WASHINGTON, D.C. (CNN) — Sen. Elizabeth Warren said Tuesday that she will donate her congressional salary to a nonprofit until the partial government shutdown ends.
"Over 7,000 people in Massachusetts have been sent home or are working without pay during the #TrumpShutdown," the Massachusetts Democrat wrote in a tweet. "Until @realDonaldTrump re-opens the government, I'm donating my salary to @HIASrefugees, a nonprofit that helps refugees and makes our country stronger in the process."
Over 7,000 people in Massachusetts have been sent home or are working without pay during the #TrumpShutdown. Until @realDonaldTrump re-opens the government, I'm donating my salary to @HIASrefugees, a nonprofit that helps refugees and makes our country stronger in the process.
— Elizabeth Warren (@SenWarren) January 1, 2019
Warren's pledge came a day after she announced she was forming an exploratory committee for a 2020 presidential bid. This weekend, she plans to visit Iowa, her first trip to the state that begins the presidential nominating process.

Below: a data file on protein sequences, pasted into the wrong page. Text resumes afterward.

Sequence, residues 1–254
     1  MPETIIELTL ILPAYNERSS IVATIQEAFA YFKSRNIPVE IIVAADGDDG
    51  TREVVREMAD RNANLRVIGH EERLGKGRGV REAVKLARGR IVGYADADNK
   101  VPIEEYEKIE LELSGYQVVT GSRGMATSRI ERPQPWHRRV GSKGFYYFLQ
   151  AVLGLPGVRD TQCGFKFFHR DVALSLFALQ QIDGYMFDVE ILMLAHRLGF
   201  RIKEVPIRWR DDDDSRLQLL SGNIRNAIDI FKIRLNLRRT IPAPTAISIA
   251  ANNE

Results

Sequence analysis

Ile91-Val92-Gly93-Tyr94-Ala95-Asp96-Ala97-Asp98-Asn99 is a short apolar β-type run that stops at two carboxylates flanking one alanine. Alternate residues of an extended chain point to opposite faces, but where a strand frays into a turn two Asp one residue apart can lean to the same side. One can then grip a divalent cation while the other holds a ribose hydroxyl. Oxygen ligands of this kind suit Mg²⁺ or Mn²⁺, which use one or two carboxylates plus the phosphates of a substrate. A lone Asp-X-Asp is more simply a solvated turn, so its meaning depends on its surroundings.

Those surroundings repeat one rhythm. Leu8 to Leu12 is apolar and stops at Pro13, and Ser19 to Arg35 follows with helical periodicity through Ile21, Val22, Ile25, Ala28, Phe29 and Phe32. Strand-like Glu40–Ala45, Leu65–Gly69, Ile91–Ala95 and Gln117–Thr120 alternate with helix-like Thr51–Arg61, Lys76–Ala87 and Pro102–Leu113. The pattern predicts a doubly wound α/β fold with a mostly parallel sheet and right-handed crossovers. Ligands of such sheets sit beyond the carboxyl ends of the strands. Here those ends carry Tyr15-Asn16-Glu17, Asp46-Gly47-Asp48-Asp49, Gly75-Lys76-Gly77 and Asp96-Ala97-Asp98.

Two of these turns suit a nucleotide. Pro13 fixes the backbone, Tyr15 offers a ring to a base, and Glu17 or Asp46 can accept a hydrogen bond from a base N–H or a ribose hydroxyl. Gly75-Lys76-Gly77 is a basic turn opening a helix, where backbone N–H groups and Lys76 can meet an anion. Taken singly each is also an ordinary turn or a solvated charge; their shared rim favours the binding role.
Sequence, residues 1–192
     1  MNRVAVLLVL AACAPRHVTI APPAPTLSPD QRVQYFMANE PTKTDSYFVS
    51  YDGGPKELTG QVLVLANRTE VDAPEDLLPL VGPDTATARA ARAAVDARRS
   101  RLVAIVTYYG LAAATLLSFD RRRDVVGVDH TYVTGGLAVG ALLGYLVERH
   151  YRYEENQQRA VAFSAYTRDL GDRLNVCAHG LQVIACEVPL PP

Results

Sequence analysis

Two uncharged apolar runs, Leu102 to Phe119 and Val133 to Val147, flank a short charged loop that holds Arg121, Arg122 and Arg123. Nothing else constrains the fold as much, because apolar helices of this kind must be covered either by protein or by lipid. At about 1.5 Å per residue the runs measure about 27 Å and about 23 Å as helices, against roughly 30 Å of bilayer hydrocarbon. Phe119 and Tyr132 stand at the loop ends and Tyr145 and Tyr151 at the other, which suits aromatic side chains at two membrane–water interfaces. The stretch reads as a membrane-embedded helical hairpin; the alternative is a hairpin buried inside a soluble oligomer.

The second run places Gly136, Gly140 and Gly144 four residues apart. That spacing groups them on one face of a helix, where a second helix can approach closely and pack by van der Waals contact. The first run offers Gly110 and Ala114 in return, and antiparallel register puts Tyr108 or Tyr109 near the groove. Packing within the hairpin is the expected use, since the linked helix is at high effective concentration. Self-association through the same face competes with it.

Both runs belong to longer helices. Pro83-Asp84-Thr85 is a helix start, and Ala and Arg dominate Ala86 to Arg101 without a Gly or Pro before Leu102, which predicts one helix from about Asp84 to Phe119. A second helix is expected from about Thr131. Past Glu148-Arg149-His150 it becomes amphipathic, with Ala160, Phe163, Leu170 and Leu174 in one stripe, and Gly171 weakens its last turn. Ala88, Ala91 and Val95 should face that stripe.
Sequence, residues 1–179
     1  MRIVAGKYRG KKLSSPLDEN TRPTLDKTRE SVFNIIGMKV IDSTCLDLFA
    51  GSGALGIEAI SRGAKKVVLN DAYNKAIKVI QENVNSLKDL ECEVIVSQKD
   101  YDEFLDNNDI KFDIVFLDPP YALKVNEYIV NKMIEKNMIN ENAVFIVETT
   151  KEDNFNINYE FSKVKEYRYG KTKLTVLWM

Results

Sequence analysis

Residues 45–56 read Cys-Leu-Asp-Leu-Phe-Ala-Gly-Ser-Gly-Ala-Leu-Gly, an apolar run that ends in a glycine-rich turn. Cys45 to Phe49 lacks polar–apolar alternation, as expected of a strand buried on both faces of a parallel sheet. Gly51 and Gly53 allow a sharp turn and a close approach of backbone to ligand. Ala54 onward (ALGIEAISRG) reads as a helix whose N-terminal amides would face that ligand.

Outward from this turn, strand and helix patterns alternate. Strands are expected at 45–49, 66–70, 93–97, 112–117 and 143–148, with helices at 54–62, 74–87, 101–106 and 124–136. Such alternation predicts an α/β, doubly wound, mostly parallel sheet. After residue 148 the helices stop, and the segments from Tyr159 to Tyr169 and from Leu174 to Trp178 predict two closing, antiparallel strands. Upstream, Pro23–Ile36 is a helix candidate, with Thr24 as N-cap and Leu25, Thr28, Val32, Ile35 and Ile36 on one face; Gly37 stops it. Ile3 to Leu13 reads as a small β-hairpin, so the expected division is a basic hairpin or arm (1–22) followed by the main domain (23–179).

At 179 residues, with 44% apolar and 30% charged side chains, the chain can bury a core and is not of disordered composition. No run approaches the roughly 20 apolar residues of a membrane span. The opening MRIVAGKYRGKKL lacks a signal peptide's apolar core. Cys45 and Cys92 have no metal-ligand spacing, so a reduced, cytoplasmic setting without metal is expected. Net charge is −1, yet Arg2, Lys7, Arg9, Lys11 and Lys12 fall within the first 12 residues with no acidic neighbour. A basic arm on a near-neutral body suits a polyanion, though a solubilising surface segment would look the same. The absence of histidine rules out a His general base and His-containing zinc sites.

The shutdown, which is in its second week, is due in large part to a disagreement over how much federal funding should be allocated to President Donald Trump's promised border wall. The stalemate has put 380,000 federal employees on furlough, while another 420,000 are working without pay.
Warren's announcement came after several other congressional Democrats had announced they would donate their salaries during the shutdown.
Minutes after the shutdown began in the early hours of December 22, Sen. Catherine Cortez Masto of Nevada said in a tweet that she would donate her salary to charities in her state "for every day of the Trump shutdown."
A few hours later, Rep.-elect Alexandria Ocasio-Cortez of New York suggested in a tweet that the next "time we have a gov shutdown, Congressional salaries should be furloughed as well."
Last week, Sen. Mazie Hirono of Hawaii said in a statement that she would donate her income to food banks across her state for as long as the shutdown lasted.
CNN's Eric Bradner and MJ Lee contributed to this report.